Washington Jewish Week
Online Edition, December 2002
by Paula Amann
A 60th anniversary observance
this week at the U.S. Holocaust Memorial Museum turned
into a reunion of sorts. On Tuesday, the Washington,
D.C., museum marked six decades since the founding of
Zegota, a Polish underground group that rescued some
4,000 Polish Jews, including 2,500 children.
Museum council chair Fred Zeidman
paid special tribute to Zegota co-founder Wladyslaw
Bartoszewski, now a spry and impassioned 80, who twice
served as Poland's foreign minister.
With him on the program was another Warsaw native. Retired
Hebrew University professor Israel Gutman, like the
Catholic Bartoszewski, joined Zegota, although the pair
wouldn't meet until after the German defeat.
"We've been friends for years," the former
minister said of his Jewish comrade. "We're the
same age and from the same city."
Museum chair emeritus Miles Lerman, meanwhile, who also
took part in Tuesday's program, spent the war years
as an anti-Nazi partisan in his native southern Poland.
In an interview Monday at the Polish embassy, Bartoszewski
recounted, through an interpreter, the events that led
to the high-risk rescue work that made him one of the
first Poles to receive the Righteous Among Nations award
from Israel's Yad Vashem Holocaust Museum.
As a young man of 18, he was nabbed by the Gestapo and
sent to the Auschwitz concentration camp, then a prison
for Polish intellectuals. Spared a likely death when
he was released after seven months through efforts of
the International Red Cross, he came home to witness
the persecution of his country's Jews.
"I was a believing Catholic and I happened to have
a priest who was my spiritual adviser, and he told me
something that many rabbis would say: God wanted you
to come out of that concentration camp so you could
help others," said Bartoszewski, who had grown
up with many Jewish family friends.
Polish resistance leader Jan Karski, who taught at Georgetown
University until his death at 86 two years ago, tapped
the young man for a new rescue group then forming, the
Council to Aid Jews.
Code-named Zegota, said Bartoszewski, the network brought
together Catholics and Jews, liberals and socialists
in the common task of housing, feeding and providing
false papers for Jews in hiding.
"We were united in complete trust, regardless of
our ancestry," he recalled. "It didn't matter
that I was a goy and my friends were Jewish, because
if we were apprehended by Germans, we would just go
to death together."
While capital punishment loomed for any rescuer caught,
he stressed, the most wrenching thing was keeping people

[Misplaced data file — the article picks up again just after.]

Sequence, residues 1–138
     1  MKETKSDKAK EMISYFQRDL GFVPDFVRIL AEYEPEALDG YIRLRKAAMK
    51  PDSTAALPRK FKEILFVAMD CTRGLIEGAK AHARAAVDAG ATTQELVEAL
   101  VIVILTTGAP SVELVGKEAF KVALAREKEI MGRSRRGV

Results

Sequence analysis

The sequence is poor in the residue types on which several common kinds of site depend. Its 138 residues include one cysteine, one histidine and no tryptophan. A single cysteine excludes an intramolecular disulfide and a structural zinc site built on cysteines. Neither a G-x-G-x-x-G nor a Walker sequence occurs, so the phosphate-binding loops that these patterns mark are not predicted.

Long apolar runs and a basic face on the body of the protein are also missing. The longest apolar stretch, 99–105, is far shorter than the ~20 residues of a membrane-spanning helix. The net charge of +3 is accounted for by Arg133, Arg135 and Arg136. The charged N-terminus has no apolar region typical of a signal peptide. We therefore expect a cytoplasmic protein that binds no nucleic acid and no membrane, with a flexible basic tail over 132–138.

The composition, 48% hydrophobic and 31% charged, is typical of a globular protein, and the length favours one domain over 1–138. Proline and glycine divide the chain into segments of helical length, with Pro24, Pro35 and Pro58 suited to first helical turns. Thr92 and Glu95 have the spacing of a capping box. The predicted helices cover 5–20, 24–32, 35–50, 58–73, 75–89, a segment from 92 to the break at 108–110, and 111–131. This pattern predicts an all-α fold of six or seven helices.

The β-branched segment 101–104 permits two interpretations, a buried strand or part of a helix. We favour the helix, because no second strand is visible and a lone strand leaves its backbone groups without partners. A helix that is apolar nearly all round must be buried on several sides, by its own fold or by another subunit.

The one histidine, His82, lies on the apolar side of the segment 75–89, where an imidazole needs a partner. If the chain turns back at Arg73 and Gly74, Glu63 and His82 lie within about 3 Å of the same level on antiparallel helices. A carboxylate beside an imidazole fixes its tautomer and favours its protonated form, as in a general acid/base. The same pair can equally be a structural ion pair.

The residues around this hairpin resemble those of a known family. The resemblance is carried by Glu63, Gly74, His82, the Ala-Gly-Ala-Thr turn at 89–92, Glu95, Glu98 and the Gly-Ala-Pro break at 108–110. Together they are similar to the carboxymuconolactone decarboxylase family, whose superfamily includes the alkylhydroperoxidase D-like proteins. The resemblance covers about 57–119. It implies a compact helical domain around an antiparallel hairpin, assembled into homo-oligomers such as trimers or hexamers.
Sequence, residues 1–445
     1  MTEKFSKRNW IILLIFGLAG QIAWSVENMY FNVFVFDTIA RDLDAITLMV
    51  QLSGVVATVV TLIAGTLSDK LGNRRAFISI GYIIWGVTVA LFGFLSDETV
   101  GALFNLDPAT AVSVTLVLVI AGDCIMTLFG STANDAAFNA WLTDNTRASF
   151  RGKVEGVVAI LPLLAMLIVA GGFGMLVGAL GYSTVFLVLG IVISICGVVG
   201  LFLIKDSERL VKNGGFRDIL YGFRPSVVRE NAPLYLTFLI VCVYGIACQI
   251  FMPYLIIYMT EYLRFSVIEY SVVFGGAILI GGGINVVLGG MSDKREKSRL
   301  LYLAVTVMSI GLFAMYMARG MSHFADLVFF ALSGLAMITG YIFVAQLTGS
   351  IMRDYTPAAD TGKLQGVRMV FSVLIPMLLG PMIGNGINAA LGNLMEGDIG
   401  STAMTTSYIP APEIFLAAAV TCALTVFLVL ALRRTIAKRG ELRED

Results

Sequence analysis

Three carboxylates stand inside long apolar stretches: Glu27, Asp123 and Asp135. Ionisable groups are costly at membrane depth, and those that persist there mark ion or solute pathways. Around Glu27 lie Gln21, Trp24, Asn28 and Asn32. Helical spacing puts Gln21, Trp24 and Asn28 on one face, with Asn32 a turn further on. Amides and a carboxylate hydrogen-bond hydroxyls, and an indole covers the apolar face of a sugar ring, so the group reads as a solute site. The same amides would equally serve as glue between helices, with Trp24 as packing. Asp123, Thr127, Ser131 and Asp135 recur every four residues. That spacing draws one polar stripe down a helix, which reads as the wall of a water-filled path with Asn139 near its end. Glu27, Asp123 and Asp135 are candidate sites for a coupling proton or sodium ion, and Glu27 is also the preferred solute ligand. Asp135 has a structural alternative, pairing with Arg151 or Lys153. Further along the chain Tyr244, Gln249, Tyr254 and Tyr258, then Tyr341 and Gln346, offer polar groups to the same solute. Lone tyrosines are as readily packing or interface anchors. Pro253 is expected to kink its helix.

safely hidden for months, only to see them caught and
killed by the Nazis.
"Our only reward was that we always managed to
save somebody," Bartoszewski said. "The bottom
line was that it was a great development that Poles
and Jews were able to work together so effectively."
In addition to his own rescue work, Bartoszewski took
part in the Warsaw Uprising as a lieutenant in the Polish
After the war, Bartoszewski studied at Warsaw University
and wrote for the Polish Peasant Party newspaper. But
his troubles with the authorities were far from over.
As the communist regime supplanted the Nazis, the young
activist was jailed twice during the late '40s and early
'50s for a total of seven years, first for his articles,
then for trumped-up charges of spying, of which he was
"Dictators didn't like me, and the feeling was
completely mutual," Bartoszewski said.
From 1960 to 1981, he served as a secret source for
Radio Free Europe, while teaching history at Lublin's
"It carried a penalty of life imprisonment, yet
I did it because I felt that this way I was helping
Poles get information that would help them achieve democracy,"
During the last three years of that period, he also
belonged to the clandestine Polish Alliance for Independence.
In late 1980, Bartoszewski co-founded the Committee
in Defense of the Politically Persecuted, in league
with the Solidarity Trade Union.
"My entire activity was devoted to giving hardship
to the communist system because I believed it was false
and it had to fall," he declared. "It had
to collapse, although I didn't know if I would live
to see it."
His activities led to another imprisonment the next
At the Jaworze Internment Camp, he was in high-class
company. Two fellow inmates, Taddeus Mazoweicki and
Geremak Bronislaw, later became, respectively, the first
premier and first foreign minister of a democratic Poland.
Following his release, Bartoszewski spent 1983 through
1990 teaching political science at German universities
in Munich and elsewhere. With the implosion of communism
in Poland, he returned home and served five years as
his country's ambassador to Austria. In 1995 and again
in 2000, he was named foreign minister. A prolific scholar
of history, he has penned some 40 books and 1,000 articles.
His solidarity with the Jewish people remains. As chair
of the Council for the Protection of the Memory of Combat
and Martyrdom, he oversees such sites as Auschwitz and
the shtetl of Belz. He also serves on the board of an
institution in the making: the Museum of the History
of Polish Jews.
Last April, Bartoszewski was among the signers of a
letter to Gazeta Wyborcza, a major Polish newspaper,
opposing an academic boycott of Israel sweeping Europe.
The letter also voiced support for the Jewish state's
right of self-defense in the face of attacks on civilians
by the Palestinians.
Some in Poland deride him as a Shabbos goy, but many
more share his pro-Jewish views, says Bartoszewski.
"Nobody can intimidate or threaten me anymore because
I'm an old man," says the veteran dissenter, who
says he's close in age to both former Presidents Jimmy
Carter and George H.W. Bush. "Because of my age,
I am independent."